Track topics on Twitter Track topics that are important to you
Deciphering the amount of work provided by different co-authors of a scientific paper has been a recurrent problem in science. Despite the myriad of metrics available, the scientific community still largely relies on the position in the list of authors to evaluate contributions, a metric that attributes subjective and unfounded credit to co-authors. We propose an easy to apply, universally comparable and fair metric to measure and report co-authors contribution in the scientific literature.
This article was published in the following journal.
Name: Research integrity and peer review
In the original publication of the article, the second author name was published incorrectly. The corrected author name is given in this correction.
To review and discuss authorship and author order in the context of nursing and midwifery publications and to present a set of principles to guide and justify author order.
In the original publication of this article  the author Liping Zhong was omitted. In this correction article the author and the corresponding details are provided. The publisher apologizes to the r...
The original version of this article unfortunately contained a mistake in the author name.
Fracture of lateral humeral condyle in children is not uncommon.The nonunion means no healing of the fracture after 3 months from the injury.Delayed union means no healing from 6 weels to ...
Nail bed injuries in children, most frequently under 3 years-old, result in crush injuries. The frequency is around 34 percent of the children hand injuries (Claudet et al, 2007). The empi...
Despite the great number of reports about the efficacy of oestrogens or antimuscarinics on OAB symptoms, so far no author has tried to investigate whether the concomitant administration of...
No consensus exists among biomedical journals on the subject of blinding during the peer review process. Some journals attempt to remove all identifiers of authorship from potential manusc...
Although many reports have investigated the relationship between subfertility and uric acid levels in semen, to the best of author knowledge, there is no study have been published to yet f...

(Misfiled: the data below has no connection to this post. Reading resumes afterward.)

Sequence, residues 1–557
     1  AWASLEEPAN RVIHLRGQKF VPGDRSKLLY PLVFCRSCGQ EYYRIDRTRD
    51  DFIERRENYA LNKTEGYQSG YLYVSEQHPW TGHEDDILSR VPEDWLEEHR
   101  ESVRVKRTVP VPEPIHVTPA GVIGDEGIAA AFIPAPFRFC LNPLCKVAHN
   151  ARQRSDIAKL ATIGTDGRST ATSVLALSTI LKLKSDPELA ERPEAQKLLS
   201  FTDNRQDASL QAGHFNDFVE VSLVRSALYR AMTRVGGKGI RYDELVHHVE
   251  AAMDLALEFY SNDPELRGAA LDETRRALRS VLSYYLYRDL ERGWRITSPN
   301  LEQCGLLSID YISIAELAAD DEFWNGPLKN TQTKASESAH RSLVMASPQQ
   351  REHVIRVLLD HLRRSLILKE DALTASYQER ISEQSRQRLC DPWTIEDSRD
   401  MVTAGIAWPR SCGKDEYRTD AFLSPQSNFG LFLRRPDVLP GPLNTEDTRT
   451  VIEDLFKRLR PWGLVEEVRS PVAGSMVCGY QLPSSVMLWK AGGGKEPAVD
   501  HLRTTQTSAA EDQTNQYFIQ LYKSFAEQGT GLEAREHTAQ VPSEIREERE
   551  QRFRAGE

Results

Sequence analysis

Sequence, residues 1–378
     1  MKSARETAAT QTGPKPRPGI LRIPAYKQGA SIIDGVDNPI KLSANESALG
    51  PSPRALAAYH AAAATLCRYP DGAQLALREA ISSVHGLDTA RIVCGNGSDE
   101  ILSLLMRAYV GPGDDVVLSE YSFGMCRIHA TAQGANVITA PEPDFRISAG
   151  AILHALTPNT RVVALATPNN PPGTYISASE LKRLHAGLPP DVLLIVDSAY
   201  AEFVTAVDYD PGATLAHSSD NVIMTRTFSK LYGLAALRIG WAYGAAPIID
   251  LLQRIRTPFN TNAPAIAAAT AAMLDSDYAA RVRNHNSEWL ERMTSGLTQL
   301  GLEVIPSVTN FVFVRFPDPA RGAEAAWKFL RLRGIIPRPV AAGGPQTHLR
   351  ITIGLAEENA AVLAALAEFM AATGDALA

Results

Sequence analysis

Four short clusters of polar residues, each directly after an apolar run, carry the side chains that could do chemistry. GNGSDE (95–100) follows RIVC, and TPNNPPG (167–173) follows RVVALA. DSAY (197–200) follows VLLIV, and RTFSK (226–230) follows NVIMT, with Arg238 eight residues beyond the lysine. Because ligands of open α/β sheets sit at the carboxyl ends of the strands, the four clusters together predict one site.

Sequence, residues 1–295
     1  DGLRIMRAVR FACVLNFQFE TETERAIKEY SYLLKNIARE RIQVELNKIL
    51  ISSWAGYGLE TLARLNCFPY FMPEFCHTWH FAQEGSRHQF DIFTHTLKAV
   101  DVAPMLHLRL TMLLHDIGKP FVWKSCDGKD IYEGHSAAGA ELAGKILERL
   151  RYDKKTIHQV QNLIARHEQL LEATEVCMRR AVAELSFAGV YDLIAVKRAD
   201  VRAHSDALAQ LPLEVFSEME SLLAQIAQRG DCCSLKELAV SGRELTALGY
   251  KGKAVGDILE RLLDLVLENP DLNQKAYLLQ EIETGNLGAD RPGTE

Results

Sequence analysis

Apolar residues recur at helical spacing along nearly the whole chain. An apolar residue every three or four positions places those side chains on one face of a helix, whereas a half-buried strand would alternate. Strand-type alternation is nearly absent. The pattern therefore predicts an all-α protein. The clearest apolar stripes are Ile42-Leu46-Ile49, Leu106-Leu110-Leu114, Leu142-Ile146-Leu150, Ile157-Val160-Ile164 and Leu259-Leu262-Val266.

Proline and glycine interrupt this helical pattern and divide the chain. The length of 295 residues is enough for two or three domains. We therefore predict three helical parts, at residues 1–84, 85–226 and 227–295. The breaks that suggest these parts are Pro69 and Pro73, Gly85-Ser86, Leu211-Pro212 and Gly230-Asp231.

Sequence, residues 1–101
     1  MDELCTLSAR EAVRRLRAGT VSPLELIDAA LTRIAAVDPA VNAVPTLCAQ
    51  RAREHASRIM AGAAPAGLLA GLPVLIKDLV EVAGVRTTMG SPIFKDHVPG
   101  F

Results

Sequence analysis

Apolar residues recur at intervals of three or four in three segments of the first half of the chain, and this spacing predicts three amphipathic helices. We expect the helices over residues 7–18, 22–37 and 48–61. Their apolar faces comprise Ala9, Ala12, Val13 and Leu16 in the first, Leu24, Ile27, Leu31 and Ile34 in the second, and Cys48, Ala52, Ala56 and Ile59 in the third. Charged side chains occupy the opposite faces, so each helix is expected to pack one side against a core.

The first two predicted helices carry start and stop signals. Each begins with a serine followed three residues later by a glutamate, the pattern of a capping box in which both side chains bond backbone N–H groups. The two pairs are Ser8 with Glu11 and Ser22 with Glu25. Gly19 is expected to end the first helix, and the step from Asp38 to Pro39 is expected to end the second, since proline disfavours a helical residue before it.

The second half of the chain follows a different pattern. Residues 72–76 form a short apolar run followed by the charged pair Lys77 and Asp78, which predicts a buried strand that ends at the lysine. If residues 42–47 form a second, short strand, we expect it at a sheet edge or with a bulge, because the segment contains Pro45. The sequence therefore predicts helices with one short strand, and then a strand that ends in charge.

Work consisting of an acknowledgment of an error, issued by a publisher, editor, or author. It customarily cites the source where the error occurred, giving complete bibliographic data for retrieval. In the case of books and monographs, author, title, imprint, paging, and other helpful references will be given; in the case of journal articles, the author, title, paging, and journal reference will be shown. An erratum notice is variously cited as Errata or Corrigenda.
The exclusive right, granted by law for a certain number of years, to make and dispose of copies of a literary, musical or artistic work. In the United States the copyright is granted for the life of the author plus 50 years. In the case of a joint work, it is for the life of the last joint author to die, plus 50 years. In either case the copyright runs until the end of the calendar year 50 years after the author's death. (Random House College Dictionary, rev ed; Strong, W.S.: The Copyright Book: a Practical Guide, 1981)
Work consisting of the designation of an article or book as retracted in whole or in part by an author or authors or an authorized representative. It identifies a citation previously published and now retracted through a formal issuance from the author, publisher, or other authorized agent, and is distinguished from RETRACTION OF PUBLICATION, which identifies the citation retracting the original published item.
Discussion of lists of works, documents or other publications, usually with some relationship between them, e.g., by a given author, on a given subject, or published in a given place, and differing from a catalog in that its contents are restricted to holdings of a single collection, library, or group of libraries. (from The ALA Glossary of Library and Information Science, 1983)
The number of RETICULOCYTES per unit volume of BLOOD. The values are expressed as a percentage of the ERYTHROCYTE COUNT or in the form of an index ("corrected reticulocyte index"), which attempts to account for the number of circulating erythrocytes.